A Photoshop Tutorial
All photographs Copyright 2003 fashionimage.com
Use the 'Image Size' tool, found in the 'Image' pull-down menu.
When you bring up the 'Image Size' tool, for this image you find the following dialog box to the left.
Let's go through what the box is telling you, item by item:
1. The size of the image file is 1.05 megabytes.
2. It is 525 pixels wide
3. It is 700 pixels high
(if this image is printed on paper this is what you will get. It has nothing to do with screen display size.)
1. The paper print will be 1.75 inches wide
2. The paper print will be 2.333 inches high
3. If printed to paper, the resolution of the print will be 300 pixels per inch. Note: pixels per inch (ppi) is not the same as dpi. In fact there will be many more than 300 dots per inch if this image is printed. Discussions which refer to this value as 'dpi' are not correct.
1. If the image is changed in this tool, the 'constrain proportions' box being checked means the height and width will both be changed so the image keeps its proportions. If the box is unchecked and you make the height smaller, for instance, the image will look fat.
2. If the image is changed in this tool, the 'Resample Image' box being checked means the number of pixels will be changed; the image file will get larger or smaller, depending on what you do. If it is not checked then no matter what you do in the tool, the image file will not get larger or smaller, and the screen display will stay the same size.
3. The 'Bicubic' algorithm chosen is the best choice for a high quality image resampling.
With that explanation, let's use the tool to change our image size.
First, let's recall that the purpose is to make it display better on most computer screens. That's simple. We know that a few screens are set at 640x480, and that the toolbars on browsers take up some of that real estate. So if we really want to make our image fully displayable for those benighted souls who still use this screen resolution, we have to make our image only 400 pixels or so high.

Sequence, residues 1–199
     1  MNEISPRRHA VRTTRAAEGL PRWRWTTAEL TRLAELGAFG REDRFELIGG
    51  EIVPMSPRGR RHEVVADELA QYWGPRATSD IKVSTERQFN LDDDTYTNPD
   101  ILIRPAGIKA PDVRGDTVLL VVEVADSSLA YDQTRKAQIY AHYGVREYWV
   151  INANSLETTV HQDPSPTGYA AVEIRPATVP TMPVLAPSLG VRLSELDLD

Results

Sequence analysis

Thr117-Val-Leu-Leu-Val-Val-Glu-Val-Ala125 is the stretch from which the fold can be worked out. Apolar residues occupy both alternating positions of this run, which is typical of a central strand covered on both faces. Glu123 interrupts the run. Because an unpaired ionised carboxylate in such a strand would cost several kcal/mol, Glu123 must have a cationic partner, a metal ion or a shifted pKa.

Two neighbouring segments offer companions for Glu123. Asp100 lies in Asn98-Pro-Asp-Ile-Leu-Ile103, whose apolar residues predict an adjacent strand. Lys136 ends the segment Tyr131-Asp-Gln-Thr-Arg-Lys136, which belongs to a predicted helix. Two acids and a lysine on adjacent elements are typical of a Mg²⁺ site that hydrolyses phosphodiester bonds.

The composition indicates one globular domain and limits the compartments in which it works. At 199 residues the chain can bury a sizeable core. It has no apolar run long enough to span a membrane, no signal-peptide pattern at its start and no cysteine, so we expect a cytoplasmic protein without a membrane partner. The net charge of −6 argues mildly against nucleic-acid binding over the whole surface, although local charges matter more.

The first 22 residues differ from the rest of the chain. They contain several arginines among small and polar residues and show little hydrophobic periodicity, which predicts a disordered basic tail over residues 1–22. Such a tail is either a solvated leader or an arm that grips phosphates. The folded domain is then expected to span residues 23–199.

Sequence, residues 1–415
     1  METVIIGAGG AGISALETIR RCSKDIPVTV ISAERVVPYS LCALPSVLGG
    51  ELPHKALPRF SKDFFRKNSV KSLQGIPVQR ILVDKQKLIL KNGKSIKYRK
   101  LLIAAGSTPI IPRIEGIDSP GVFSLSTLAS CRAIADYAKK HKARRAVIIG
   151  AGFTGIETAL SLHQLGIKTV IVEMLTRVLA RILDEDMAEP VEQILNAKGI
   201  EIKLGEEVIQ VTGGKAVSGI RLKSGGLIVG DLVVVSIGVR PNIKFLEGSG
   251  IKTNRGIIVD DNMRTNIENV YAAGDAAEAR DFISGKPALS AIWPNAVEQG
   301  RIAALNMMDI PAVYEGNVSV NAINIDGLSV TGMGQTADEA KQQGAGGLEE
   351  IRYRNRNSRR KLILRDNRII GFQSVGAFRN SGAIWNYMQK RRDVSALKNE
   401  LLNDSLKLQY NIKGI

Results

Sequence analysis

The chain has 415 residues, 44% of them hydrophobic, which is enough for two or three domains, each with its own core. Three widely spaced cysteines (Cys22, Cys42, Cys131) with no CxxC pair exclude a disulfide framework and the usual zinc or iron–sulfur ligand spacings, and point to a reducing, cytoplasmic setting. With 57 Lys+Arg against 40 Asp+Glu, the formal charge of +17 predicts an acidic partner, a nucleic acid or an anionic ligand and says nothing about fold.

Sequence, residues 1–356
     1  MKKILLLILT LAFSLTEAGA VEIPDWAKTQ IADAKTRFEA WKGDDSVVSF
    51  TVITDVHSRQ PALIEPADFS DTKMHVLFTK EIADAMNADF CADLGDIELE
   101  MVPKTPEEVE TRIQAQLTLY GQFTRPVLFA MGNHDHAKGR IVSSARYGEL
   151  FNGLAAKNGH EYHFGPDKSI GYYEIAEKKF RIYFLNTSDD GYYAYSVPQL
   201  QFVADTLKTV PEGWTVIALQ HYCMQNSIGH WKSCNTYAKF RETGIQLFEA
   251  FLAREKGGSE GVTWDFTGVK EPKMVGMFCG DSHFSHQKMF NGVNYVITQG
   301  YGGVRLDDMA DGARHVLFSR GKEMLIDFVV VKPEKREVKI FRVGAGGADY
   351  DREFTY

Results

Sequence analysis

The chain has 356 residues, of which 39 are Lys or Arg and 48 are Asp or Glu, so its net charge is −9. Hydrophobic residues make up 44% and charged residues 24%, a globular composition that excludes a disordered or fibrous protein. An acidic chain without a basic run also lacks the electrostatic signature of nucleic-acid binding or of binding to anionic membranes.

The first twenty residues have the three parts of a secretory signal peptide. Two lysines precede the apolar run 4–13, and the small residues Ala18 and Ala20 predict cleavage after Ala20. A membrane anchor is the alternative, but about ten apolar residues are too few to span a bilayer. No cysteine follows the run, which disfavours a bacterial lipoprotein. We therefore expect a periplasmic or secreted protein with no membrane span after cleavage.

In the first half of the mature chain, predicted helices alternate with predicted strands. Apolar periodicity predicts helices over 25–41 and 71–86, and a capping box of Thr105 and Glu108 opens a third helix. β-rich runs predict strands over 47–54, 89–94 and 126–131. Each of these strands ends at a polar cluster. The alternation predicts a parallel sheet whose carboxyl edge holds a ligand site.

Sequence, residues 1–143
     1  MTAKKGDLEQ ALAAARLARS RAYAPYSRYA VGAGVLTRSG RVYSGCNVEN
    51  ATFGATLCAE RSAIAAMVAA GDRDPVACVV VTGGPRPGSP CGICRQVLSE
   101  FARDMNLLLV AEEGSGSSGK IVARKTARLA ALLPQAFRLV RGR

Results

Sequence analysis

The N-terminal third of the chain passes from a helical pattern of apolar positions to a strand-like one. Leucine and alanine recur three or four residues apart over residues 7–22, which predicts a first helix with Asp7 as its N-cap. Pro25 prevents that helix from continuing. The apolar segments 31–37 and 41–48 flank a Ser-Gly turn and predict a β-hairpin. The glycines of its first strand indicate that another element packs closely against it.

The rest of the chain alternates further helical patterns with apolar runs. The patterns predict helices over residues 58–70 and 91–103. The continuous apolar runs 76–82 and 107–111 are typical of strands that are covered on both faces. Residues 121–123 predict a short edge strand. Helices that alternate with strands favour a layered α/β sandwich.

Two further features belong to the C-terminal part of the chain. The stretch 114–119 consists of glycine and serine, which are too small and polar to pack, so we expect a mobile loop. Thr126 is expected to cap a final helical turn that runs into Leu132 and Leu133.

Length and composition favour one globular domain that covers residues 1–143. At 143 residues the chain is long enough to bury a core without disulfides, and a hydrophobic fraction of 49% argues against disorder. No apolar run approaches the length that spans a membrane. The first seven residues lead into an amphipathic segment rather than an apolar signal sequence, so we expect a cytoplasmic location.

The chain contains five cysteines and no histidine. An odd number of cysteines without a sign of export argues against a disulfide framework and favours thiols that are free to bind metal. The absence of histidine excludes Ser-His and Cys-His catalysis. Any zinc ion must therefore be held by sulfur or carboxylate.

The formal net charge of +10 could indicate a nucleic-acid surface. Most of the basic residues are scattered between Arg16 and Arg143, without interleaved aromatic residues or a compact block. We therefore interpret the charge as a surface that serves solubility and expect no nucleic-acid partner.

(The vast majority of screens are now 600 pixels high or greater, so most of the time 500 is a perfectly good choice, but I'm going to ignore that for now.)
To change the image size, we use this 'image size' too, and this screen, like this. > > > >
All that I did was type '400' in the height box where it had been '700'. Photoshop automatically changed the rest of the data to show the effect. Simply press the 'OK' button and you are done, and the image now looks like this.
The image we started with in this example wasn't greatly larger than an acceptable screen size, so when we changed it, not all that much fuzz was introduced by the resampling. But if we start with a very large image and cut it down to a small size, the fuzziness can be pretty noticeable.
How to fix it?
Simple. We go to
and it brings up a screen something like this. > > > >
The settings shown are close to my personal favorites for small images, but what they need to be varies with image and what you want to achieve. Play around with the sliders until the preview looks good, press 'OK' and you are done.'
Now all you have to do is save the image as a JPEG. You can do that directly in Photoshop - just make sure the quality setting is high enough not to lose too much quality, and low enough to result in a small enough file size. Normally a setting of 5 or 6 is fine.
Or you can use the 'File>Save for Web' tool, which is a whole different subject.
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